What is the Customer Lifecycle?

What is the Customer Lifecycle?

This post was updated on June 13, 2022

The 20th century was a story of mass production.

Henry Ford perfected the first moving assembly line to crank out copies of the same car. Sam Walton, the founder of Walmart and Sam’s Club, mastered transportation and logistics to bring mass-produced products to areas without access. The 20th century was about scale.

In the 21st century, we’ve shifted into a customer-focused economy. Manufacturing has scaled—commodity goods are everywhere. Making the same widget for every consumer isn’t enough to grow a business.

The 21st century is about personalization, custom experiences, and delivering what consumers want instead of simply what can be delivered.

A new age of business means you need a new way to understand your customers. Enter: the customer lifecycle.

Your customer lifecycle helps you show customers what they want to see, no matter where they are in the customer journey. When you nail your customer lifecycle, you know how to talk to potential customers who have just heard of your brand and your loyal advocates—and everyone in between.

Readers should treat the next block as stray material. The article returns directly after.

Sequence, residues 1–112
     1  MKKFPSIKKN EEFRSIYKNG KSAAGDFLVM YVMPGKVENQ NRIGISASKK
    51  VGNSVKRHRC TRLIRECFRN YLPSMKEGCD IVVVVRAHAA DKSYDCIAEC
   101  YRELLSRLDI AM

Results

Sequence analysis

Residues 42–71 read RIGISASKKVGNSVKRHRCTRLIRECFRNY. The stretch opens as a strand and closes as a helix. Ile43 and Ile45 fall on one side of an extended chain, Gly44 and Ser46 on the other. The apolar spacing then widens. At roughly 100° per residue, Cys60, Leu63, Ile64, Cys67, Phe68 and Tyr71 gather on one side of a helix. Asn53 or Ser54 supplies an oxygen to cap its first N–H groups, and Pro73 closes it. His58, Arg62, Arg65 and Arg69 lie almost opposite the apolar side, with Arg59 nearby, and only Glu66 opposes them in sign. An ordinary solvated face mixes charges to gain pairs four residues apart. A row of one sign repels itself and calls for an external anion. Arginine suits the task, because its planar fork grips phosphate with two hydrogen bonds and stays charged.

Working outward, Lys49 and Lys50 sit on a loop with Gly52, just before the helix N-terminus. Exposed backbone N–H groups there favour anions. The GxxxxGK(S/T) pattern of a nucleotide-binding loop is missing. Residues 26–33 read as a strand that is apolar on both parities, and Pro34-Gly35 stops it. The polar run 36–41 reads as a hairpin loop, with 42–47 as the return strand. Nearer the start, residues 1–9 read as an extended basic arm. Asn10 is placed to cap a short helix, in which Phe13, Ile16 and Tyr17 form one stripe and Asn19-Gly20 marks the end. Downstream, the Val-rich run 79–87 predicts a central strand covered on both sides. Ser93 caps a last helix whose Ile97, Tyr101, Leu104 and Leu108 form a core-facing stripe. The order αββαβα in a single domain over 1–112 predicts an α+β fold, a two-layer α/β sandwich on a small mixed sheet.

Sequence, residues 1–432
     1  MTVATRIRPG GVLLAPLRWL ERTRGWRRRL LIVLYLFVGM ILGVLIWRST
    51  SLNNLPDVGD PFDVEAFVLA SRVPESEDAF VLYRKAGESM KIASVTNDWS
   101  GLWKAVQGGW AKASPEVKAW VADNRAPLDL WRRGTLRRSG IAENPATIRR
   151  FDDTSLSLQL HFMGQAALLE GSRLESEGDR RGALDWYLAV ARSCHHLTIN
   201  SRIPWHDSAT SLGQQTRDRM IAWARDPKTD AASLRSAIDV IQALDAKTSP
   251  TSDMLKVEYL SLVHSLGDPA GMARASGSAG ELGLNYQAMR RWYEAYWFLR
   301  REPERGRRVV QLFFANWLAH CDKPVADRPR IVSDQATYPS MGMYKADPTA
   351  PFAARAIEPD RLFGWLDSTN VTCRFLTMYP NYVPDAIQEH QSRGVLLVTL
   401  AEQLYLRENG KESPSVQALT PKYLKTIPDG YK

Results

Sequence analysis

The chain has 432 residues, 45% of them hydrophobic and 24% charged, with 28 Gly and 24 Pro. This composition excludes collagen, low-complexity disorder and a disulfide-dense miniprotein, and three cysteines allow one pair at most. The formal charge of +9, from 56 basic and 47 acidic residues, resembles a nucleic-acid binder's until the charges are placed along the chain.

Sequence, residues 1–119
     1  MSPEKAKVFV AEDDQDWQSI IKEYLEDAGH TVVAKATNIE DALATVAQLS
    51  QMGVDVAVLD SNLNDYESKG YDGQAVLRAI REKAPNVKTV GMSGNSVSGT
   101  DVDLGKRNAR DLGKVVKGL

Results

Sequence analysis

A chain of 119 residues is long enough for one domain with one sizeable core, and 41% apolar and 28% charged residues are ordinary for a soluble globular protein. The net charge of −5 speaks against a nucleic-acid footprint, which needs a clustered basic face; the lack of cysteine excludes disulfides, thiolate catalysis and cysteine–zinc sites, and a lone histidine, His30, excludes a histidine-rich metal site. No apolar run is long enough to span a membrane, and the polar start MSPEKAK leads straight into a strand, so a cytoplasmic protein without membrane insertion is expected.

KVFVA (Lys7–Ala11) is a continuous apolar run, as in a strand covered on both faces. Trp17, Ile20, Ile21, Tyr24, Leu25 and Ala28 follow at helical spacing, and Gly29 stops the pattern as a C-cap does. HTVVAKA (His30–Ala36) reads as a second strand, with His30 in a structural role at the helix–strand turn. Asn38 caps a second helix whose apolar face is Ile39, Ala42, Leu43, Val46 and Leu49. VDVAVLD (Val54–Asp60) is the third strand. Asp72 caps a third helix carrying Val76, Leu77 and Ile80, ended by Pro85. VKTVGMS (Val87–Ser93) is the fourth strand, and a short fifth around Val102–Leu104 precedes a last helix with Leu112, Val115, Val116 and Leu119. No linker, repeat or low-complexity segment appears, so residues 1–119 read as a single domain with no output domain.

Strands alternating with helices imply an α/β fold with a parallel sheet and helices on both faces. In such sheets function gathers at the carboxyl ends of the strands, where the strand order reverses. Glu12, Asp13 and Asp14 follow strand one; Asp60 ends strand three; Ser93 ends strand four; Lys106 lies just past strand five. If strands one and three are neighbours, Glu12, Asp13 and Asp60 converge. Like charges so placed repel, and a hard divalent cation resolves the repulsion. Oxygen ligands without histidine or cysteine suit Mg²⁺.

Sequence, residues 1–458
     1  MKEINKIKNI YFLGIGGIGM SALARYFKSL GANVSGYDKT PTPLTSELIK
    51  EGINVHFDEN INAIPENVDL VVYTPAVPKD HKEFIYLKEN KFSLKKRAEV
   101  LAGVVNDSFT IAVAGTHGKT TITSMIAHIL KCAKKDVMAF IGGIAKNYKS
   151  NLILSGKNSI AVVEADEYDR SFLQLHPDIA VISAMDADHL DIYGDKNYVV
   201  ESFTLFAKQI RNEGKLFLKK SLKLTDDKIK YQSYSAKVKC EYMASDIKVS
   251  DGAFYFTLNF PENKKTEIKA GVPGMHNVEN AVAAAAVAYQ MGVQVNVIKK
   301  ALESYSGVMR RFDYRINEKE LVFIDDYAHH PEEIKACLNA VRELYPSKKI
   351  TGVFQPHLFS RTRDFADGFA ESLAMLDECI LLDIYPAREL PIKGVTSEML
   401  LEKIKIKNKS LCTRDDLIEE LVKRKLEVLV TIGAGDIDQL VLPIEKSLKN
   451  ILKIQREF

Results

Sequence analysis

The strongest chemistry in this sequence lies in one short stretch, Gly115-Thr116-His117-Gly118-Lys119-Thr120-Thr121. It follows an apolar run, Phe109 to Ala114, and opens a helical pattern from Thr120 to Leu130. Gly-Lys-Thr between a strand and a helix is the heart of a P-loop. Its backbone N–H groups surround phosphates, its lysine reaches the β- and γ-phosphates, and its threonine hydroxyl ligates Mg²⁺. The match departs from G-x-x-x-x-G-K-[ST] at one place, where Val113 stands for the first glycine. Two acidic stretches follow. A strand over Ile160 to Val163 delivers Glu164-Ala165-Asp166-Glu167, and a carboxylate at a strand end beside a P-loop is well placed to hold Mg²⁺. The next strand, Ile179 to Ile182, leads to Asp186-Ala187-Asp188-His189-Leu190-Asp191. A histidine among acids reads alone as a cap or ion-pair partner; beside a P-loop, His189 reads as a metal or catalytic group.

This article will help you understand the customer lifecycle and how your business can reach customers at each stage.

Table of Contents

What is the customer lifecycle?

The customer lifecycle describes the stages consumers enter when they consider, purchase, and remain loyal buyers of your product or service. It outlines the customer’s progression through your marketing and sales cycle.

The customer lifecycle offers a complete picture of how people buy from businesses like yours—and shows you how your team should engage with customers in the buyer’s journey.

Workflow showing stages of customer lifecycle
Stages of customer lifecycle

The customer lifecycle includes acquiring a new customer and the stages of your ongoing relationship: supporting a customer to retain their business, growing your relationship, and turning loyal customers into brand advocates.

Buyer’s journey vs. customer journey 

When you talk about the customer lifecycle, the term “customer journey” is often used interchangeably. However, it should be noted that the customer journey differs from the buyer’s journey.

The buyer’s journey is the story of how someone first encounters your brand and becomes a customer. In short, the buyer’s journey ends when the customer makes a purchase.

Like the customer lifecycle, the customer journey spans the entire relationship with the customer, including initial contact and purchase and extending to retention, growth, and advocacy. The customer journey takes a longer view, accounting for repeat business and ongoing customer engagement.

What is customer lifetime value?

Part of why companies study and refine the customer lifecycle is that it has a significant impact on customer lifetime value (or customer lifecycle value). Customer lifetime value measures how much revenue a customer brings to your company over the entire relationship.